O's hope win has big payoff in playoffs

July 13, 2005|By Peter Schmuck

DETROIT - In the excitement of watching Miguel Tejada make another big statement in front of a national television audience and Brian Roberts make an impressive All-Star debut, you probably overlooked a very important element of the 76th midsummer classic.

The Orioles won home-field advantage for the World Series.

Now, you can mark your calendars and set aside those two weekends in late October when Oriole Park hosts baseball's version of the Big Dance. There are a few other things that have to go right between now and then, of course, but the Orioles can head into the second half knowing that if they get healthy and win at least a wild-card berth, they'll be sitting pretty in the fall.

"We're pretty close right now," said Tejada. "I just hope we can play the way we did in the first half. With what happened tonight, I think it shows us that anything can happen. We've got a chance."

Yeah, yeah, we're getting way ahead of ourselves, but it was hard not to get all puffed up after Tejada launched that 436-foot home run in the second inning. He added an RBI groundout and a big defensive play to win Most Valuable Player honors, and Roberts doubled in two at-bats as the American League continued its recent dominance of the All-Star Game by improving to 8-0-1 over the past nine games.

"I don't know if I believe in karma, that Miggy winning the MVP means we're going to the Series," Roberts said. "We're going to have to play very well ... [but] I think we have as good a shot as anybody else at this point."

Want a little more local flavor? The American League fielded an all-Baltimore infield in the fifth inning, with Melvin Mora at third base, Tejada at short, Roberts at second and former Mount St. Joseph star Mark Teixeira at first. Teixeira would also hit a long home run as the AL built a 7-0 lead.

Maybe they should switch this thing to a North America-against-the-rest-of-the-world format, because the National League isn't even putting up a fight anymore. The seemingly cozy final score may indicate otherwise, but by the fifth inning, National League manager Tony La Russa could ponder the potential injustice of having to climb uphill again if his St. Louis Cardinals reach the World Series for the second year in a row.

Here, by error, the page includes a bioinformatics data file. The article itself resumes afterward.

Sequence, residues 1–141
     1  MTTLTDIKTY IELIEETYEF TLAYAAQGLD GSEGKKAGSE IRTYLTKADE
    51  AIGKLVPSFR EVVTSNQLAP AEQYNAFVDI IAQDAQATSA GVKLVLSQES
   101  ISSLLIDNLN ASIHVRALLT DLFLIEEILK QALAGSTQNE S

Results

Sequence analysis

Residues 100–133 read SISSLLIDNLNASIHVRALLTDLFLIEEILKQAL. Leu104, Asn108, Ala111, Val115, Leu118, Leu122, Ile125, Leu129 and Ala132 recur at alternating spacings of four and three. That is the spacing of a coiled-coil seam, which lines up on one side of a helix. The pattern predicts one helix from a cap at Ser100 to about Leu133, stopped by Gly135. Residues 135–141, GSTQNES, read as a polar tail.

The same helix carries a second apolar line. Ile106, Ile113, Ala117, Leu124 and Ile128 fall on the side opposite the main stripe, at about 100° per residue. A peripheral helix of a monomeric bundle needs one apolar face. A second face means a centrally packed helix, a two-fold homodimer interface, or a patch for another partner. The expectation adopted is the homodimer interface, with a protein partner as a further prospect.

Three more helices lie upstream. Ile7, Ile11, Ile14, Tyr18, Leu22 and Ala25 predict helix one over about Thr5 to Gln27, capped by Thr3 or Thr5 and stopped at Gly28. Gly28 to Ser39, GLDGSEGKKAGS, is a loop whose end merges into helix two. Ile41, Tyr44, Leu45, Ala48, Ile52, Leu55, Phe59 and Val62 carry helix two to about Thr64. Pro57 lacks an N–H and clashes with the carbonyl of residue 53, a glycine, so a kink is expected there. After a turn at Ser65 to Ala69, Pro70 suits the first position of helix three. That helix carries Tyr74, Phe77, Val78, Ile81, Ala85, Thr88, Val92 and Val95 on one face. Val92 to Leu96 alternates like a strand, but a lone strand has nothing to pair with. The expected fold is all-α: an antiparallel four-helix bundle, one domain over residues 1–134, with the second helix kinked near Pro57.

They were overmatched last year. The Red Sox pulled off the greatest playoff comeback in baseball history to defeat the Yankees in the American League Championship Series, then made great use of home-field advantage - awarded to them even though they were a lowly wild-card team - to win the world title in a walk.

It could happen again, except this year's wild-card team could well be the Orioles, who remain right in the thick of the AL East and wild-card races in spite of the lengthy slump that threatened to wipe away everything they accomplished in an uplifting first half.

La Russa bemoaned the three-year-old format that gives the league that wins the All-Star Game an instant edge in the World Series, but baseball commissioner Bud Selig defended the change in long-standing baseball tradition during an afternoon news conference yesterday.

"It's not like the old system was based on Einstein's theory of relativity," Selig said.

He has used that line before, but I'm relating it again because he's absolutely right. The old system simply alternated home-field advantage from year to year, which still allowed for the inequity of a wild-card team getting it over a division winner with the best record in baseball (as the Cardinals were last year).

The change was made after the 2002 All-Star Game ended in an embarrassing tie. Selig was determined to add an extra competitive element to the game to assure that the managers played it to win.

It would probably be more fair to give home-field advantage to the team with the best regular-season record, but the logistical requirements of properly staging an event the magnitude of the World Series make that less than practical.

Of course, if Major League Baseball really was worried about fairness, it might do something about the clear lack of parity between the two leagues. The American League has won five of the past seven World Series and every All-Star Game since 1997 (except for the 2002 tie).

Maybe it all evens out over the long haul, but that has got to be small consolation for the dominant teams in the NL, who again will enter the postseason at a decided disadvantage.

The Orioles, meanwhile, can start planning on those two big weekends at the end of October. Things are starting to fall into place.

Contact Peter Schmuck at peter.schmuck@baltsun.com.

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